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‘Peril’ episode reveals Sanders’s fear of ‘authoritarianism’

In White House meeting following Jan. 6, the Vermont senator warned of ‘cultured countries’ falling into ‘barbarianism,’ Woodward and Costa write

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Sen. Bernie Sanders (I-VT)

On Feb. 3, a few weeks after he proposed a sweeping $1.9 trillion pandemic aid plan — one of the largest stimulus packages in American history — President Joe Biden met with a group of leading Senate Democrats in the Oval Office as the bill made its way through Congress. 

Sen. Debbie Stabenow (D-MI), smiling enthusiastically behind her facemask, expressed relief to be meeting with the newly elected president after a volatile transition, while Sen. John Tester (D-MT), who had never visited the Oval, marveled at the “amazing room.” 

But Sen. Bernie Sanders (I-VT), who had that day assumed leadership of the Senate Budget Committee, had more serious concerns in mind — and, in his typically no-nonsense manner, almost immediately raised the stakes.

“If we cannot deliver, authoritarianism may be on the march,” he told Biden, according to an account of the meeting detailed by the Washington Post journalists Bob Woodward and Robert Costa in their forthcoming book, Peril, an advance copy of which was obtained by Jewish Insider.

Sanders argued that passing a major rescue bill would demonstrate to working-class voters — who he believed former President Donald Trump had largely lured away from the Democratic Party — that the federal government was capable of improving their lives for the better, according to the book.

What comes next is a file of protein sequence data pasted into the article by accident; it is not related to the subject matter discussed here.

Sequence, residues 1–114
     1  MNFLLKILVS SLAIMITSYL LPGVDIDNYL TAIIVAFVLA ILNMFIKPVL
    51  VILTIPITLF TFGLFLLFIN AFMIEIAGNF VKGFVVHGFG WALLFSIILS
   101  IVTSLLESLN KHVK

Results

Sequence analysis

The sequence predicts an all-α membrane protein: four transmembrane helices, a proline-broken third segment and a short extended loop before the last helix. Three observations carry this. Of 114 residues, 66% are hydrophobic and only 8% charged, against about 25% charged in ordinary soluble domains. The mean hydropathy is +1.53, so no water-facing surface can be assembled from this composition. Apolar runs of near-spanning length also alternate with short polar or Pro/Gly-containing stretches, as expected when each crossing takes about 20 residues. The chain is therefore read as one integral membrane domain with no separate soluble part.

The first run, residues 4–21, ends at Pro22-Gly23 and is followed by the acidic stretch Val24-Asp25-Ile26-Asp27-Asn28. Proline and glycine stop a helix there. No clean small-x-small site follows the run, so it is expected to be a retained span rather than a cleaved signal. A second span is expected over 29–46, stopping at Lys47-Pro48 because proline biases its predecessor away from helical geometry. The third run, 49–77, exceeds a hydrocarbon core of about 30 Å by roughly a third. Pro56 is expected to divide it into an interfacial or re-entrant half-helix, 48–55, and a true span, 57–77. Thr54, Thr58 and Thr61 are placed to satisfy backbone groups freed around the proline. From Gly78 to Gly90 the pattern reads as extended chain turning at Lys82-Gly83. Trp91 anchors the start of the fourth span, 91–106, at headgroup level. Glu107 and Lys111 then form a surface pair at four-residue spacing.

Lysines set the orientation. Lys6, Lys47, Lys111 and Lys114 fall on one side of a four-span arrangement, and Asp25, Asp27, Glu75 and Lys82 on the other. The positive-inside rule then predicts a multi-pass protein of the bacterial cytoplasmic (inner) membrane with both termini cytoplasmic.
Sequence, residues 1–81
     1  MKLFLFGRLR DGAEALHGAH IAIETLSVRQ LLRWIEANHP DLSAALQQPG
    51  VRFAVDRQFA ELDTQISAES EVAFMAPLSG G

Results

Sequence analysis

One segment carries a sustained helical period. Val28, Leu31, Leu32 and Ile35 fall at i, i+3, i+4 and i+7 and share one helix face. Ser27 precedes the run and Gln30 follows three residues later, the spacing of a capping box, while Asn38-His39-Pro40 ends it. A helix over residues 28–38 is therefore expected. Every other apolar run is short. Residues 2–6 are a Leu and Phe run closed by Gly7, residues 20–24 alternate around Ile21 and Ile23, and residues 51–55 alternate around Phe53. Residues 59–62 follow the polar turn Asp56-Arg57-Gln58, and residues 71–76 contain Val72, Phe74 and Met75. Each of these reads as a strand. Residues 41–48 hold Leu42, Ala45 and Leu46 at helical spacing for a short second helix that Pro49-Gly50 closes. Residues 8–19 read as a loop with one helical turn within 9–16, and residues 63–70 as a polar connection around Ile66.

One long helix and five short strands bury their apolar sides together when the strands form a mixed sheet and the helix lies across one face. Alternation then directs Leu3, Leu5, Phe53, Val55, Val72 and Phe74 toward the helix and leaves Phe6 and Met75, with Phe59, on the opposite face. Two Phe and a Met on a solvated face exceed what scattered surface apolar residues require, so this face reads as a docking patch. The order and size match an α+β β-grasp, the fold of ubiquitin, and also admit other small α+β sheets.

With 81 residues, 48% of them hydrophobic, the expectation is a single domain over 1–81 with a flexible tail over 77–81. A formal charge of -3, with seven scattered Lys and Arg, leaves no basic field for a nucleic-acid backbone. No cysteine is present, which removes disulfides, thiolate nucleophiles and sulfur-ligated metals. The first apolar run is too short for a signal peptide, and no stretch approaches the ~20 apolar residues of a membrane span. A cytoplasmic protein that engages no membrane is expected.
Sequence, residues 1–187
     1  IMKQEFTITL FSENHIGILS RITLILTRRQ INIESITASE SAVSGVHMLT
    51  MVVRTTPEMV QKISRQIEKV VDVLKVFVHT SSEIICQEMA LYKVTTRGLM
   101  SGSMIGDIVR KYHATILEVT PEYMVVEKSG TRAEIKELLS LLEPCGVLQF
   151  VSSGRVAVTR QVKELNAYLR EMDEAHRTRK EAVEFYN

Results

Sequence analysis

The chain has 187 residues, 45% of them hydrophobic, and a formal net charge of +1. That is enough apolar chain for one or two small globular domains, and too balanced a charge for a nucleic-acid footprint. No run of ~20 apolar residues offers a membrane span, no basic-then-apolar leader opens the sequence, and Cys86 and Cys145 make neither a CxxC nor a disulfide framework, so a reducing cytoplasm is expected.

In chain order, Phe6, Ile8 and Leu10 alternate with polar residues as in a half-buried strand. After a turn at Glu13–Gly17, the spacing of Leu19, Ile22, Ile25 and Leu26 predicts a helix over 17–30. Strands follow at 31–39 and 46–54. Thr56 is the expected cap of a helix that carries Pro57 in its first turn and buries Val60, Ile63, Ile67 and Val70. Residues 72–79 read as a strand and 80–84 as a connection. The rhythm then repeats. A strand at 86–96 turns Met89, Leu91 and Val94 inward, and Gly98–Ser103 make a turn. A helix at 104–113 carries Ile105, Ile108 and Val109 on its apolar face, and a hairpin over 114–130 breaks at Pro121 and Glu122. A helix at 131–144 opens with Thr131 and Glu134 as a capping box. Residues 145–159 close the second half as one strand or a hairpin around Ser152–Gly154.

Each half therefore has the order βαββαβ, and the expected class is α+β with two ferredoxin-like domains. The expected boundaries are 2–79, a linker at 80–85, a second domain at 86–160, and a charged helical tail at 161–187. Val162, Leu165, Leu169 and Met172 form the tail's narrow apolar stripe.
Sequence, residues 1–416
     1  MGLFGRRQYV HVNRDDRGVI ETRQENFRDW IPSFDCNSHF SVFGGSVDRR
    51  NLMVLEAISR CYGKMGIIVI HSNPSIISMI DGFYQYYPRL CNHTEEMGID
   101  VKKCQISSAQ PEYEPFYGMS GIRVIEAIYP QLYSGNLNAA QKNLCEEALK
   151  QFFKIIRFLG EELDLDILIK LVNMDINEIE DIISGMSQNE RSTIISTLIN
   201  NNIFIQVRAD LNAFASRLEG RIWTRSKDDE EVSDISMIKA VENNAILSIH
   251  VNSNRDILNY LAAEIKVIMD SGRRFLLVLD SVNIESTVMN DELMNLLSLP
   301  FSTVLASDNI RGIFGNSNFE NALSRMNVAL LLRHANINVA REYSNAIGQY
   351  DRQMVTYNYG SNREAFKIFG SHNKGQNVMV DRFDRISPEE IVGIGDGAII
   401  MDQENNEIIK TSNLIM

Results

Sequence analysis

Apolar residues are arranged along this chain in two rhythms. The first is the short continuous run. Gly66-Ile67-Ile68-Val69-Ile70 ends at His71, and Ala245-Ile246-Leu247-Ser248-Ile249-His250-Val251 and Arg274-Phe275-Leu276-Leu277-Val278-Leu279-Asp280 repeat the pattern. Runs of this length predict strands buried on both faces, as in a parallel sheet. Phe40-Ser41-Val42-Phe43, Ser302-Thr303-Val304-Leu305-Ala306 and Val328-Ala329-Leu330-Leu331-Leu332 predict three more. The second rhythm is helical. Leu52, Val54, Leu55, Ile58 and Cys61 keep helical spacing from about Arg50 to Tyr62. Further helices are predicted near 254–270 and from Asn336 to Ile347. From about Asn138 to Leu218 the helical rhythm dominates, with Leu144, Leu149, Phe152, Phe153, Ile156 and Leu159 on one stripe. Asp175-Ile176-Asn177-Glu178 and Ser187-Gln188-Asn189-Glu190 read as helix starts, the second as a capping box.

“The future of democracy depends on which party is the party of the working class,” the authors paraphrase Sanders as saying in the Oval.

The book, which is published by Simon & Schuster and comes out on Tuesday, is the final installment in a trilogy of scoop-heavy best-sellers by Woodward about the Trump administration, including Fear: Trump in the White House (2018) and Rage (2020). Peril covers the tumultuous conclusion of the Trump presidency and the beginning of the Biden administration.

Following the deadly Capitol riot less than a month earlier, Sanders had reason to believe that American democracy was in serious jeopardy.

But as the Brooklyn-born son of a Jewish immigrant father from Poland whose family members perished in the Holocaust, Sanders was also concerned that the insurrectionists Trump had incited to breach the halls of Congress — one of whom was photographed wearing a “Camp Auschwitz” shirt — were merely a prelude to future acts of violence.